15 December 2014

The Power Of Faith

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Back in the day there was a man who was rather like a real life version of Father Christmas!! Jimmy Saville made children's dreams come true and raised so many millions for charities that you'd think he was a modern-day saint. Also, he was a raging pedophile and seemed to make no attempt to hide that fact. I was born after his popularity and so to me, Saville just looked like a creepy old fucker who couldn't have appeared more sinister had he presented his television shows whilst fingering his belly button and dribbling onto his pedo-bling. Aside from a few political connections and an apparent conspiracy of pedophile entertainers, it seems that Saville convinced people that he wasn't a nonce by doing his absolute best to seem exactly like one. For me this is very much how the Church seems to work. People worry about these shadowy groups that control the world from behind the scenes. Is it a secret Government organisation? The Illuminati? The Masons? Meanwhile there's a fucking great big shrine to the magical Jesus in almost every village in our country. On the surface it pretends to be all about spreading good-will and acceptance of all of God's children. Below this however it is a woman hating, gay hating, money obsessed organisation that is more than plagued by its own homegrown infestation of kiddie-rapists. I don't think that religion is bad. I think that some people are bad and that they use their faith in the make-believe sky lord as a justification for being massive evil cunts. Anyway, this all quite clearly leads us to the lighthearted comedy, drama, film, Philomena.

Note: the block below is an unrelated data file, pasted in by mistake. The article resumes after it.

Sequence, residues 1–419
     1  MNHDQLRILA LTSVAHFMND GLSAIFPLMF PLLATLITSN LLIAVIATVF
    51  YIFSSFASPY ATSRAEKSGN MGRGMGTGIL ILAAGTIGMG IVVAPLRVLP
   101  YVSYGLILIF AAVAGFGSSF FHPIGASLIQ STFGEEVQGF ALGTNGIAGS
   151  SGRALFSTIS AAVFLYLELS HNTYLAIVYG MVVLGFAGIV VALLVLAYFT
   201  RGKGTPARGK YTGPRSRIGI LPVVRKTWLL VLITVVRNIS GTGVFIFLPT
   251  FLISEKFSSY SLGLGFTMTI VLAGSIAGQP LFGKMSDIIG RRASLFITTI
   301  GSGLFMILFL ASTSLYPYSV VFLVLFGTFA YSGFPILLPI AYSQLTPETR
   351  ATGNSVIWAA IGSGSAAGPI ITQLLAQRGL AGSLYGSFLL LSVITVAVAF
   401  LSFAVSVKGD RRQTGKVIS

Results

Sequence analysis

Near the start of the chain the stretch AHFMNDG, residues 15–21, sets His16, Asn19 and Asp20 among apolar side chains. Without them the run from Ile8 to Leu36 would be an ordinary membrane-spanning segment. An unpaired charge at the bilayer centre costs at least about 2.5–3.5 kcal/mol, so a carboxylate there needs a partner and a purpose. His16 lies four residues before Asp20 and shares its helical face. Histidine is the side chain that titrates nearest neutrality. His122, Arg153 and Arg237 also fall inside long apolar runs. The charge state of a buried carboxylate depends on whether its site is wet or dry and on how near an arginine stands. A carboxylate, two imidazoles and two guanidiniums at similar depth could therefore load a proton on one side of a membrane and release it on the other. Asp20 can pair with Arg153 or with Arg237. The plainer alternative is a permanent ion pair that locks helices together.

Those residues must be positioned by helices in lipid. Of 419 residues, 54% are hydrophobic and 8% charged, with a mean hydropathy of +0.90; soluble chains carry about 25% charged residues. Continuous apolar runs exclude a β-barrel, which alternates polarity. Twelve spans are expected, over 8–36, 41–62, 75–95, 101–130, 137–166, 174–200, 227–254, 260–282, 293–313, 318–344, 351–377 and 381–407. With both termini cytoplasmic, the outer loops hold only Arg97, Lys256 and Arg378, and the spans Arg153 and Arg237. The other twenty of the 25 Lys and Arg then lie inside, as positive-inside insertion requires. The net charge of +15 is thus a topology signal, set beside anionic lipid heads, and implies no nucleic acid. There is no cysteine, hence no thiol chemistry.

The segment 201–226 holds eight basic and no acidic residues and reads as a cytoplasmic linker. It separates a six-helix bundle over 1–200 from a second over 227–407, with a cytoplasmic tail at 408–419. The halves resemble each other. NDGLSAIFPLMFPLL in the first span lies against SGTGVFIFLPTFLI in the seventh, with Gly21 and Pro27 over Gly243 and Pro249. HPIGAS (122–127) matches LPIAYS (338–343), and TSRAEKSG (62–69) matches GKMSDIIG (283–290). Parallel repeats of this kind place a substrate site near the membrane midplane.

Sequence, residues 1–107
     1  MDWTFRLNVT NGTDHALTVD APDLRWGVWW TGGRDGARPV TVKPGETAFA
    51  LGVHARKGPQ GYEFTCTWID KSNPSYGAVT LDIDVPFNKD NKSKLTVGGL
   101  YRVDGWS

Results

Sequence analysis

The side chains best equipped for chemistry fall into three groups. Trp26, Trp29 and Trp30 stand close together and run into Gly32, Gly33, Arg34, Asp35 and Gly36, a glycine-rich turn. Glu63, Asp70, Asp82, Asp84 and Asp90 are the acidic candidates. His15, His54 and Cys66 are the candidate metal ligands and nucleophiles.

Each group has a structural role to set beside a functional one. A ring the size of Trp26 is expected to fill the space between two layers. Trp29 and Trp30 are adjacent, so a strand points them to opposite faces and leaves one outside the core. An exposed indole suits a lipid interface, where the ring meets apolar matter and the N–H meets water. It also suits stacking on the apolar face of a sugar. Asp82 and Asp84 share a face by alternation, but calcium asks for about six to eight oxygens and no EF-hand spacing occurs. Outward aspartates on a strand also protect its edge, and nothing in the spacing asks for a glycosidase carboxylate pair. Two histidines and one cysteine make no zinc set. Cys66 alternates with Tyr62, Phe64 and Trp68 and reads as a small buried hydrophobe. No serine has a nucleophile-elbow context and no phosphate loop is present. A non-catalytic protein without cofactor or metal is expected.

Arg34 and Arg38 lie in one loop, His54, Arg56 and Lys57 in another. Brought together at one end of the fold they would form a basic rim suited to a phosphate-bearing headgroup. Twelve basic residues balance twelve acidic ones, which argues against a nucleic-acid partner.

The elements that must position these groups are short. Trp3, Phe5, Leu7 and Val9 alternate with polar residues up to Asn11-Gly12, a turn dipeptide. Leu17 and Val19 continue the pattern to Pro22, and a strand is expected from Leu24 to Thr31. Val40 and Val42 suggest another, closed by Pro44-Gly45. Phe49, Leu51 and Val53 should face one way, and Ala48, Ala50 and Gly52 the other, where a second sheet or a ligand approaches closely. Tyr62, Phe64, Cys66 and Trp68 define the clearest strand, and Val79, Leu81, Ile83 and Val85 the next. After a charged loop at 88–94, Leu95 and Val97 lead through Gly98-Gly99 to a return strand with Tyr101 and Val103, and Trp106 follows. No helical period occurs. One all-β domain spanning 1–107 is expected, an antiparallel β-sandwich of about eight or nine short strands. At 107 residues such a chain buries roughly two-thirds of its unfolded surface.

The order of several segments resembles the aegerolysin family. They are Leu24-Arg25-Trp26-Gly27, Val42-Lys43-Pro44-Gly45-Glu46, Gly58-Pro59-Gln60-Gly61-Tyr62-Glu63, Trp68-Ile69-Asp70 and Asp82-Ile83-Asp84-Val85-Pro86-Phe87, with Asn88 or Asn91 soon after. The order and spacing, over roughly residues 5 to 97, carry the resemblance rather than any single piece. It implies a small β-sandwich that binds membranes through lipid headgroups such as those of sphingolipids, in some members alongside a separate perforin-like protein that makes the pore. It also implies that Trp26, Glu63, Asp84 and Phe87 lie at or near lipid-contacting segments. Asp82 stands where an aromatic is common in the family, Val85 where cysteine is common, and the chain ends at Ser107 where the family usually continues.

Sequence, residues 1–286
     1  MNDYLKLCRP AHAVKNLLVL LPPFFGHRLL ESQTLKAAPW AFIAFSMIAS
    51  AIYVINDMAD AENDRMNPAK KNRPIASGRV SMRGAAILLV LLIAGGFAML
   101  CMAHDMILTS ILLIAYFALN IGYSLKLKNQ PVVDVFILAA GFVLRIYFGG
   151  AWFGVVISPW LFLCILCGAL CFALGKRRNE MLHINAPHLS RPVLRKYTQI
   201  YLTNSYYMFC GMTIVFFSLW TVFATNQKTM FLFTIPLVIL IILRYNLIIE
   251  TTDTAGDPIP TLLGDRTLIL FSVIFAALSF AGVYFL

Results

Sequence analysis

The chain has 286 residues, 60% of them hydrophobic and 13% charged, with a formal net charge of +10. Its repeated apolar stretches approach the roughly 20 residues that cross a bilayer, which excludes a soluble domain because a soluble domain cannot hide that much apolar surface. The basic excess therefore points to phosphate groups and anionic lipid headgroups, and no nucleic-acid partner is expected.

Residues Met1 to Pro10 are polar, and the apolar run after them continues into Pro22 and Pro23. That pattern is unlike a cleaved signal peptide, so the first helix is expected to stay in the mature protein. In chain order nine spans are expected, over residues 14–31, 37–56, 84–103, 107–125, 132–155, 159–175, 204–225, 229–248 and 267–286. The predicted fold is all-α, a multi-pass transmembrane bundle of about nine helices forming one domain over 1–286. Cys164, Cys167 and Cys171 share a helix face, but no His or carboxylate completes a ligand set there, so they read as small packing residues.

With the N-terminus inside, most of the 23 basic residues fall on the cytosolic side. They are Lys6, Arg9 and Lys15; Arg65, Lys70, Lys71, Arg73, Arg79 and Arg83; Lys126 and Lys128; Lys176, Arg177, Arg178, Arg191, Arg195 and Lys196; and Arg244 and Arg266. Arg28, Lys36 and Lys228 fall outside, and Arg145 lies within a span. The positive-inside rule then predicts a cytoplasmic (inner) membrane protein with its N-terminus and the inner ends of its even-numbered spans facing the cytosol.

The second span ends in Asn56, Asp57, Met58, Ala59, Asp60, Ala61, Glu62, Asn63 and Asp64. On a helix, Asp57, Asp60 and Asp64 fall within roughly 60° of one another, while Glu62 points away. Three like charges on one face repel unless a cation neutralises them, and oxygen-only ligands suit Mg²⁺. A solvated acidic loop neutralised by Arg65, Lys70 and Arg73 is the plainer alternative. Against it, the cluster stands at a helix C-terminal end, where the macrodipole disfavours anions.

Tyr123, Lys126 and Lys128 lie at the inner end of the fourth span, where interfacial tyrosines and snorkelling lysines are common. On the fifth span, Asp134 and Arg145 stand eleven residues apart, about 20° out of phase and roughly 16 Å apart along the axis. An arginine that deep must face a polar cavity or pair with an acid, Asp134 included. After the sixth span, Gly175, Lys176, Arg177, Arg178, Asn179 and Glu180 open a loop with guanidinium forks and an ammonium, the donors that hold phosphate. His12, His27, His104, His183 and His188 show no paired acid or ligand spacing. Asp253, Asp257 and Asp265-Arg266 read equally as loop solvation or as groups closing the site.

Philomena tells the true story of an elderly Irish lady’s search for the son who was stolen from her fifty years earlier. As a younger girl, she was sent to an Abbey by her father after the evil young bitch had dared to have sex and accidentally get pregnant. Whilst at the Abbey she was forced to work under slave-like conditions and was only allowed to see her newly born child for one hour every day. She can only leave this situation when she can afford to buy her way out however before this is even possible, the Nuns have had her child adopted and shipped off to America without her getting a single say in the matter. Apparently this was a sickeningly common occurrence back in this 1950's Ireland. Decades roll by with the now-elderly woman wracked by guilt having been brainwashed by the catholic church to believe that all of her actions were a sin and that she deserves what she got. Thankfully however, this victim of God's mad cult found the strength to tell her story to her daughter, who told the journalist Martin Sixsmith who thinks it'd make a good article and so decides to help. As anybody who lives in this world and has eyes good enough to see a random bus poster will be able to tell you, Philomena is played by the always perfect Judi Dench and the difficult role of the determined journalist is only Alan bloody Partridge...A-ha!!!!